Companies like EA, Activision and Microsoft are showing that they are the type of company that would rather increase their profit margin at the expense of the consumer, than try and create good products and treat the customer well. That is partly the fault of gamers who are willing to buy things regardless of the mistreatment they get, but it’s also massively stupid on the part of these companies.

Producing media is all about the customer in the end - they have to enjoy what they pay for. These companies are trying to set a new precedent for how much value customers should expect for their money, and set a much lower bar than before. This might well have worked in a world where they still held monopolies on gaming, but they don’t. In today’s world, Steam exists. Indie developers exists. The Humble Bundle folks exist. GOG exists. The internet exists. These people will continue to set the bar higher, and there will come a point at which the consumer turns around and refuses to pay for the rubbish they are being shovelled, because they can get better.

The upcoming game developers who want to make great games and have real ideas and innovation won’t go to the companies that they loathe and who mistreated them as customers, they’ll go to the devs that treated them well, that inspired them. They’ll form their own studios that care. Hell, that’s how EA was founded.

In time, these companies will change their tune, or they will have no franchises left to milk, and nothing new of value, and they will die the slow death they deserve.

Generating words at random - what I learnt from Ludum Dare 22.

I posted this up on the Ludum Dare blog as well, but thought it’d go well here too.

So, I didn’t manage to finish Ludum Dare 22 as I had to travel home from Uni halfway through and ran out of time.

My aim was to create a procedurally generated universe and allow the player to travel around finding out if they are alone as sentient life in the given universe. Given the time issues I really didn’t get much done, but I did focus on a particular problem, I wanted to name planets so players could remember where they had been. How do you create words that are pronounceable without just having planets called ‘Fork’ and ‘Television’. Words like these:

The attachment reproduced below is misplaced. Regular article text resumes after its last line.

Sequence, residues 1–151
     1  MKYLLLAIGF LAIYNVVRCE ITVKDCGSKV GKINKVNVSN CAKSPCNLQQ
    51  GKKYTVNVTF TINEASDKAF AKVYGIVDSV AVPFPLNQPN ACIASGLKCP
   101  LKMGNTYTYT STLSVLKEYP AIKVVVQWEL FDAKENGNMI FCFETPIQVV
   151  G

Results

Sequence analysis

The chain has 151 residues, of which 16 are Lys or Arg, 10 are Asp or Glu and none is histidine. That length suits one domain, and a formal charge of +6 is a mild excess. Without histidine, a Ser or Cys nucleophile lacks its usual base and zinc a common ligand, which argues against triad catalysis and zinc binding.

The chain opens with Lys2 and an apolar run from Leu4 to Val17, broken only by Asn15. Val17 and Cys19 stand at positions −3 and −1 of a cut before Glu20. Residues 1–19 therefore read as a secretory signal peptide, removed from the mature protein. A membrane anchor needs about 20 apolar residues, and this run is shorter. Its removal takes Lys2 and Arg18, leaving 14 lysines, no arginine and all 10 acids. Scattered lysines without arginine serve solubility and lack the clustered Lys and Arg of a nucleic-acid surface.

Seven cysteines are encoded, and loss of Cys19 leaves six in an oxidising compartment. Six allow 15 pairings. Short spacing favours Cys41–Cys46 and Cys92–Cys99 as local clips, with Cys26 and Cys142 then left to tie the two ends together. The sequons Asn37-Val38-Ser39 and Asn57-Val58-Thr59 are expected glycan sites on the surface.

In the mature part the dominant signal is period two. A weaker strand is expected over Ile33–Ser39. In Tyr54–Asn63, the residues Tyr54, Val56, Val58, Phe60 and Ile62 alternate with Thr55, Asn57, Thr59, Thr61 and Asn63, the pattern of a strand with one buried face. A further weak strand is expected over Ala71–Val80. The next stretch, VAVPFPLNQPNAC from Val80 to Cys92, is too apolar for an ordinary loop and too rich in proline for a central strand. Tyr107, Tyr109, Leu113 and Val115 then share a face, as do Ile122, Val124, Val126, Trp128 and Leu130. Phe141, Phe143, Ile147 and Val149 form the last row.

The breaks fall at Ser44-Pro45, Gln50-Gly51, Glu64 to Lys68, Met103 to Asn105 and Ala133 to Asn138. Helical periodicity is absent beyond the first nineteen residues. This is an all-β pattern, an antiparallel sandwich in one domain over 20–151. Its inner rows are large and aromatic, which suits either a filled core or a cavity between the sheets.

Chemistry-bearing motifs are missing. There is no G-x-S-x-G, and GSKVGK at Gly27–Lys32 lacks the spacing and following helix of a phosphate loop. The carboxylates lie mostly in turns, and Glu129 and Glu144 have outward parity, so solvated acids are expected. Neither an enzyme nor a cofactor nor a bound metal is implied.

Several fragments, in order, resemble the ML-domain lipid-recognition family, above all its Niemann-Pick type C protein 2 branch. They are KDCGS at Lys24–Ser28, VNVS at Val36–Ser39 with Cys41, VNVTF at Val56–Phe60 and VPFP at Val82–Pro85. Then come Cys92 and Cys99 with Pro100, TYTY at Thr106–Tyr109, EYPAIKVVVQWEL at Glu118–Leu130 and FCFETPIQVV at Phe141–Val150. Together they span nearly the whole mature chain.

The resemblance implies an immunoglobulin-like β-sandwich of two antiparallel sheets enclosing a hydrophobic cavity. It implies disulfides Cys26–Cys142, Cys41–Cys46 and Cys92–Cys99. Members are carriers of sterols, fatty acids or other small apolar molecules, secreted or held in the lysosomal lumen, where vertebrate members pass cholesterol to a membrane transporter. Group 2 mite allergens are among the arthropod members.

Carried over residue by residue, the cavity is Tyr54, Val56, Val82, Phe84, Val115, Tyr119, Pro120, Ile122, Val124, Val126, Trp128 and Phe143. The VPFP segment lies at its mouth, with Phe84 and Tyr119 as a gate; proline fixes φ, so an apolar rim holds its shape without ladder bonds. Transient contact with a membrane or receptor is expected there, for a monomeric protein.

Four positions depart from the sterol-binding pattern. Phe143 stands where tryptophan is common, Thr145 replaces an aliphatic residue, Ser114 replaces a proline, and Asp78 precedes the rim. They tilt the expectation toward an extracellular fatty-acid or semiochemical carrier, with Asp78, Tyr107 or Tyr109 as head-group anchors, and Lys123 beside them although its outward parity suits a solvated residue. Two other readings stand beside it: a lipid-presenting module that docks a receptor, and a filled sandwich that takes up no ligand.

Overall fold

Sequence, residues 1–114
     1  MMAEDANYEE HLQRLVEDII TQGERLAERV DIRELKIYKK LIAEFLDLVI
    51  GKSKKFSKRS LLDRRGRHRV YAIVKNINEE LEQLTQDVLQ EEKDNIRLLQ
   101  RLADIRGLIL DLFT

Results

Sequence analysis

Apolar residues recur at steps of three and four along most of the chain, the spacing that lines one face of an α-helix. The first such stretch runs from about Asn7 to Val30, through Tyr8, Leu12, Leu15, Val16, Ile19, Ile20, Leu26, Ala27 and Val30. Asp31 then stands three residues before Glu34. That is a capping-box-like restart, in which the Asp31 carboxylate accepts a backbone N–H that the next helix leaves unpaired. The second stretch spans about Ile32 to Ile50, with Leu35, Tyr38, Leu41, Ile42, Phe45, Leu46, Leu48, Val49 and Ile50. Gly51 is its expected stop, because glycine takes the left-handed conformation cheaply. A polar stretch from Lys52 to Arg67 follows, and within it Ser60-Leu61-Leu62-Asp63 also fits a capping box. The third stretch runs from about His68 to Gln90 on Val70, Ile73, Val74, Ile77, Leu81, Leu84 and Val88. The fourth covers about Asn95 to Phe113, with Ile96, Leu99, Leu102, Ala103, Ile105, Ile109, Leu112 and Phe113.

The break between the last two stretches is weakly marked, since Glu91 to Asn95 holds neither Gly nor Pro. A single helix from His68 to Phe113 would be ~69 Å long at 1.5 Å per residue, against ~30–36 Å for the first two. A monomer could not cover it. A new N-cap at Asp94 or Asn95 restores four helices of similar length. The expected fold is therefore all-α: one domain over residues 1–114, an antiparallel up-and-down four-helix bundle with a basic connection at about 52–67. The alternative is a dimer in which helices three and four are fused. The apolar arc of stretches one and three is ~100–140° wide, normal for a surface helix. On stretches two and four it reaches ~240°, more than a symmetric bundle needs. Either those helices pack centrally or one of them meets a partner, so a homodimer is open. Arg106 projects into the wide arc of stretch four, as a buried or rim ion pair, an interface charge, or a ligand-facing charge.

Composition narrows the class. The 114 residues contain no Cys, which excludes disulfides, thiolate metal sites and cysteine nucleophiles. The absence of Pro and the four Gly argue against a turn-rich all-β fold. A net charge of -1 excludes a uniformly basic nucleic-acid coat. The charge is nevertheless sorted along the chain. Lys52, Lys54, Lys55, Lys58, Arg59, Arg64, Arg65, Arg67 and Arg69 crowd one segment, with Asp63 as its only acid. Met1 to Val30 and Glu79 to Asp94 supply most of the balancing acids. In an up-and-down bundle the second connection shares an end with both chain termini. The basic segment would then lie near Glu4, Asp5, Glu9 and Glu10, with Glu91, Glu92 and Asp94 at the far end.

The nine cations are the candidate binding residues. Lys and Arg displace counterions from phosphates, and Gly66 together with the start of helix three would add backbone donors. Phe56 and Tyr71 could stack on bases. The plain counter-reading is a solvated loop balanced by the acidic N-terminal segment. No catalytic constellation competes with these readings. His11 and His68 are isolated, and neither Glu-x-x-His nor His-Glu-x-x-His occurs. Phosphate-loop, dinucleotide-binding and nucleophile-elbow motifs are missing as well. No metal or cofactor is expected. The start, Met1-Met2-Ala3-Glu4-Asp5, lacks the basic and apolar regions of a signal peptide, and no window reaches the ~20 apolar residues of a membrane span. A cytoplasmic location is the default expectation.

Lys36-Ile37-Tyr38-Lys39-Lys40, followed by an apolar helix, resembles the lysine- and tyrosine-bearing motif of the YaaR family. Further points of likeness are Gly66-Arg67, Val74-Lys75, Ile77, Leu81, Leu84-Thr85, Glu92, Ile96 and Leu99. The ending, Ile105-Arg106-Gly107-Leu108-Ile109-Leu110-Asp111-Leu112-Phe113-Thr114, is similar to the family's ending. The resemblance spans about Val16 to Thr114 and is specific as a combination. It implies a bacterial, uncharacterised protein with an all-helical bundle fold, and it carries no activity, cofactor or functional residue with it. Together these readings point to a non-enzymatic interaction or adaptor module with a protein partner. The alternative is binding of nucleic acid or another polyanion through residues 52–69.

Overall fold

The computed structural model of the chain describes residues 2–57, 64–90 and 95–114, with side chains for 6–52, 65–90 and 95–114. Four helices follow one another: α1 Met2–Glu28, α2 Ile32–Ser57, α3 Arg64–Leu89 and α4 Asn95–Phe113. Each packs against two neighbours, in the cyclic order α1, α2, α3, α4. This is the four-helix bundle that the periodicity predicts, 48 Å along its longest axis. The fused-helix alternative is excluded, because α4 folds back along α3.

• fanglas
  • jubbensetrier
  • amenet
  • moquiets
  • mystilaxation
  • consutey
  • untive
  • curchers
  • anchottollon
  • symborse
  • prasting
  • weeloats
  • dupliquding
  • autobency
  • proscolicends

Well, the answer came in the form of Markov chains, a cool little trick that allows you to do this quite simply. Afterwards this still intrigued me, and I finally had some time to finish up my script,  wordgenerator.

It’s a Python library and command line application, so it’s usable by pretty much anyone. If you have trouble thinking up names for things in general, it can be a great help, and as a library it goes hand-in-hand with any procedurally generated content. It’s GPLv3ed, so feel free to use it in any way that fits the license. The above is actual output from my script. You can change the output via a variety of options (explained in the above link) and by changing the input dictionary of words to generate from, for example, using an Italian one:

  • impiate
  • aliersi
  • inaudartererai
  • ottardiscrerei
  • addoluccio
  • deredicassella
  • coibinarei
  • impresto
  • accreste
  • storano

While nothing revolutionary (Markov chains are pretty well known), the script performs pretty well and saves a bit of work. I think it’s pretty cool, and surprisingly funny to see the output you get, so if you find yourself needing names in your next Ludum Dare game, feel free to use it.

Ludum Dare #22

So, I’ve officially declared I’m going to go in for Ludum Dare again, so I’ll have to make a game in 48 hours.

It’s a really fun thing to do, so I’m definitely looking forward to giving it another go, and hopefully do a bit better this time. I really liked my last entry ‘Unrest' - which got top 25 for both innovation and theme, but this time I want to try and make something with more gameplay, and hopefully a little more polish and flair - I’m no artist, but I want to try and get better graphics and some sound done this time.

If you want to follow my progress, I’ll be updating on the big Ludum Dare blog. My plan is to do a timelapse this time too, so you can watch me work afterwards.

Here is to hoping it’s an interesting theme and I can think of something good!